LEAVING THE DOCTRINE OF BAPTISMS 14
THE “FOUNDING”* BAPTISM
BASIC TEXT: “Therefore leaving the [first, Heb. 5:12] principles of the doctrine of Christ, ... Of the doctrine of baptisms” (Hebrews 6:1, 2, KJV)
*founding. adjective. Means “relating to the starting of a particular institution or organization.” Collins Dictionary.
1. “Why weren’t the apostles also ‘baptized’ with the 3000 on that fateful day of Pentecost (Acts 2)?” 2. “Should I be baptized by the baptism of John?”
A prominent denomination’s creed requires one to be approved by the congregation first and then be baptized like John the Baptist taught.i A widow of this prominent denomination wanted to marry an elderly widower of the church of Christ. The man’s family was adamant that she must first be baptized into Christ. She claimed that her denominational baptism should be acceptable. Should she have been baptized?
Some disciples who had been baptized “unto John’s baptism” were commanded by the apostle Paul to believe on Jesus and be baptized in the His name (Acts 19:1-5). “Then said Paul, John verily baptized with the baptism of repentance, saying unto the people, that they should believe on him which should come after him, that is, on Christ Jesus. When they heard this, they were baptized in the name of the Lord Jesus” ( Acts 19:4, 5).ii It would appear then that it is important how and by what authority a person is baptized.
The first Pentecost after Jesus was crucified, buried, and was resurrected, the apostles were immersed in the Holy Spirit by Jesus (Matthew 3:11; Luke 3:16; Mark 1:7; Acts 2:33, “...[Jesus] having received of the Father the promise of the Holy Spirit, He [Jesus] hath poured forth this...”, ASV). The apostles, in turn, baptized believers in water (not the Holy Spirit) according to the Lord’s commission in Matthew 28:18-20.
However, it is interesting that the Scriptures report of only one apostleiii being baptized in water in the name of the Lord. He was Saul of Tarsus (called Paul). Sent by the Lord, Ananias commanded him, “Arise, and be baptizediv, and wash away thy sins, calling on the name of the Lord” (Acts 22:16). The twelve were never told to do this.
1. Baptism Unto John. John baptized repentant Jews in prepartion for the coming Kingdom. This baptism lasted before the cross for about 3 years.
2. The Cross. Jesus is crucified, buried, and resurrected.
3. Great Commission. The apostles are commissioned by Jesus to teach the world, baptize believers, not “unto John”, but “unto the name of the Father, the Son, and the Holy Spirit and teach them to observe all things...” (Matthew 28:18-20; Mark 16:15-16; Acts 2:38; cf. Acts 10:47)..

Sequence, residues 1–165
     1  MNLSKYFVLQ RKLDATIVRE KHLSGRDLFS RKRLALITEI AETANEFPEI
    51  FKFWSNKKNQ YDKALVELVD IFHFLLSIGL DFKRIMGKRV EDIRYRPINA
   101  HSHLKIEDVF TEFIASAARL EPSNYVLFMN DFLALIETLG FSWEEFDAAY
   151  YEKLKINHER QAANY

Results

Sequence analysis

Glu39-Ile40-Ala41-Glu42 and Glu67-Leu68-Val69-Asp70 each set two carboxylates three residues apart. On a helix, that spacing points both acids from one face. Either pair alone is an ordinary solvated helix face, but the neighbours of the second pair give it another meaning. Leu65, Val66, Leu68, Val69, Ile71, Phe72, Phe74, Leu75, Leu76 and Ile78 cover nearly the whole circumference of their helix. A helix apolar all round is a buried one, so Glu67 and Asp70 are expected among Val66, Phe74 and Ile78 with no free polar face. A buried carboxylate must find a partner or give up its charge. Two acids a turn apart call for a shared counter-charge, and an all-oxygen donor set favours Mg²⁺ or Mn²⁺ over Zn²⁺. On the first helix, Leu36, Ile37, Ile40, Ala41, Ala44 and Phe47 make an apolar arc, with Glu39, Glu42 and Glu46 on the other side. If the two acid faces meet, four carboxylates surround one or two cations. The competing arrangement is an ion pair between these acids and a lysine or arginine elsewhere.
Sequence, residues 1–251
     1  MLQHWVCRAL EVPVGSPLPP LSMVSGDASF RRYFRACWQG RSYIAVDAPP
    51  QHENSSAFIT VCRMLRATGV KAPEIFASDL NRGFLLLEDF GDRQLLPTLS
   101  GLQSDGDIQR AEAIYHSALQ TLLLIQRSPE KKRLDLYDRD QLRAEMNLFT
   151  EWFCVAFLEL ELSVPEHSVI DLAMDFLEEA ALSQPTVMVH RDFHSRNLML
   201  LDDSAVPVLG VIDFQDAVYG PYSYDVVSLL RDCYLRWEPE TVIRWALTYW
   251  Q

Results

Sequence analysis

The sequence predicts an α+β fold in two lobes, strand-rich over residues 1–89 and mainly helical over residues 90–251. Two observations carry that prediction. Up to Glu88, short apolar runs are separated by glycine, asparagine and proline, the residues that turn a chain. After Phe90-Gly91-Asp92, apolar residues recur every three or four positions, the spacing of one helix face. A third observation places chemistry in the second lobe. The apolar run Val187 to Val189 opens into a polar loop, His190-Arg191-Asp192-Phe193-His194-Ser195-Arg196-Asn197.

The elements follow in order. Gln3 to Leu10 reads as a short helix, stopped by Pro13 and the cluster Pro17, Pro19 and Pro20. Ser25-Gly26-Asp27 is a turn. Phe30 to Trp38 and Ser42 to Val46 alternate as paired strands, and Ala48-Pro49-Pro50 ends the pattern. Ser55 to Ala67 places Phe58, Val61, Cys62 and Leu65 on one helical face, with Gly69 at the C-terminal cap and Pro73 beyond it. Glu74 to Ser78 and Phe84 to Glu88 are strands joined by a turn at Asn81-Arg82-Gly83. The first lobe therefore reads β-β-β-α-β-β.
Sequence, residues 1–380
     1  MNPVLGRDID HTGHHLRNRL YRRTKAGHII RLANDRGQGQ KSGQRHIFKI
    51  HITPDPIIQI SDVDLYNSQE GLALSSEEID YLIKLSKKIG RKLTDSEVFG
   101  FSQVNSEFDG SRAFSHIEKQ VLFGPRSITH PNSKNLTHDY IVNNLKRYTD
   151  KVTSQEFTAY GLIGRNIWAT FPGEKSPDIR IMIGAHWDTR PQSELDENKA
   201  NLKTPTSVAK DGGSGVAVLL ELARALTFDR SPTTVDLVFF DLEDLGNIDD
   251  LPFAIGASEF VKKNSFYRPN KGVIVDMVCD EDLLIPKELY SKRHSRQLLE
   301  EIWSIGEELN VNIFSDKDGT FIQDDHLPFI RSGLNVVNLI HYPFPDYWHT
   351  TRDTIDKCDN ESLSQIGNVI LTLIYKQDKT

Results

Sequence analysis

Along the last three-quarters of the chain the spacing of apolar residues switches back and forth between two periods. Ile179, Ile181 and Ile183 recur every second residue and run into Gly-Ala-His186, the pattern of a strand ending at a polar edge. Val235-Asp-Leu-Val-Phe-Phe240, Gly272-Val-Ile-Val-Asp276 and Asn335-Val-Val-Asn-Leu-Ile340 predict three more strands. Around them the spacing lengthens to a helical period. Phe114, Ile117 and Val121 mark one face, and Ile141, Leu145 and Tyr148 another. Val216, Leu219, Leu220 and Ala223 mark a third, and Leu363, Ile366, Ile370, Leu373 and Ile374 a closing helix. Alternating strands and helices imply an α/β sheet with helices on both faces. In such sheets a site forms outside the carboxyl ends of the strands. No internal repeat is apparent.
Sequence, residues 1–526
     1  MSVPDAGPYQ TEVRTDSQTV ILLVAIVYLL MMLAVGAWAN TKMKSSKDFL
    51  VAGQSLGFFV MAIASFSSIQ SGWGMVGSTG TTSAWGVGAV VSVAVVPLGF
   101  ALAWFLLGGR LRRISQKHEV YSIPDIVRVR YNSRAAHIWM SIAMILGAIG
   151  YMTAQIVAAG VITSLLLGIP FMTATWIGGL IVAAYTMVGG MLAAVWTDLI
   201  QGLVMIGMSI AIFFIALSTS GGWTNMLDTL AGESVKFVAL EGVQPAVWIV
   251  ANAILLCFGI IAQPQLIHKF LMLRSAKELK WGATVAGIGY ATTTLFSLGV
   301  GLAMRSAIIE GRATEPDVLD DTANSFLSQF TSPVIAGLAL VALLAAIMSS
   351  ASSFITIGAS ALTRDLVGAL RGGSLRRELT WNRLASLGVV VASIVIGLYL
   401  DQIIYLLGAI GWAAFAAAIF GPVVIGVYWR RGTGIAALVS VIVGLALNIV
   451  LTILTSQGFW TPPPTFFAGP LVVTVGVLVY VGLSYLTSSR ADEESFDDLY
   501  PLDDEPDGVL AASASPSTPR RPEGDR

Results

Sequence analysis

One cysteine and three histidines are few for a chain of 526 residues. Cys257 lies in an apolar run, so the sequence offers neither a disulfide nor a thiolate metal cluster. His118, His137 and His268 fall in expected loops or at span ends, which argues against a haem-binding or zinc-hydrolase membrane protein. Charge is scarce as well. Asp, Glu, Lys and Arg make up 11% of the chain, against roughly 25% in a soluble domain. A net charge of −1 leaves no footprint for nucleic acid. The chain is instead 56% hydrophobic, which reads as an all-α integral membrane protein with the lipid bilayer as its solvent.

4. The Kingdom Comes. Jesus ascends into Heaven (Acts 1:9) to sit on His throne at the right hand of God (Acts 2:30-33).
5. Added. “Then those, indeed, who did gladly receive Peter’s word were baptizedv, and there were added on that day, as it were, three thousand souls” (Acts 2:41, YLT).
TO WHOM WERE THE 3000 ADDED?
The first ones to obey the commission’s baptism in the name of the Lord Jesus (Acts 2:38-41) were “added.”vi That is, those baptized were added to an existing group. This group would certainly have included the apostles. Would it not have included all those baptized by John (plus Jesus’ disciples, John 4:1)? Had they not been prepared by Johnvii for the Kingdom. Would this have possibly included the disciple Apollos?
The object of John’s Baptism Was To Prepare A People
The baptism of John prepared a people for Jesus. John’s mission was “...to make ready a people prepared for the Lord” (Luke 1:17; compare to Matthew 3:1; Mark 1:3).
1. Prepared For His Kingdom. The kingdom had not come as late as after His resurrection. “When they therefore were come together, they [his apostles, Acts 1:2] asked of Him [Jesus, Acts 1:1], saying, ‘Lord, wilt thou at this time restore again the kingdom to Israel?’” (Acts 1:6, 7).
2. Prepared For His Temple. According to prophecy, Jesus was also to be the “Priest for ever after the order of Melchizedek” (Psalm 110:4). In preparing for a Kingdom, John was also preparing for the new house, the Heavenly Temple of prophecy. “And it shall come to pass in the last days, that the mountain of the Lord’s house shall be established in the top of the mountains... for out of Zion shall go forth the law, and the word of the LORD from Jerusalem” (Isaiah 2:2,3; Micah 4:1,2; cf. Revelation 1:5b,6a). “But ye are come unto mount Sion, and unto the city of the living God, the heavenly Jerusalem and to an innumerable company of angels, To the general assembly and church of the firstborn” (Hebrews 12:22, 23a). According to the book of Hebrews, this heavenly priesthood required a heavenly house for the Lord.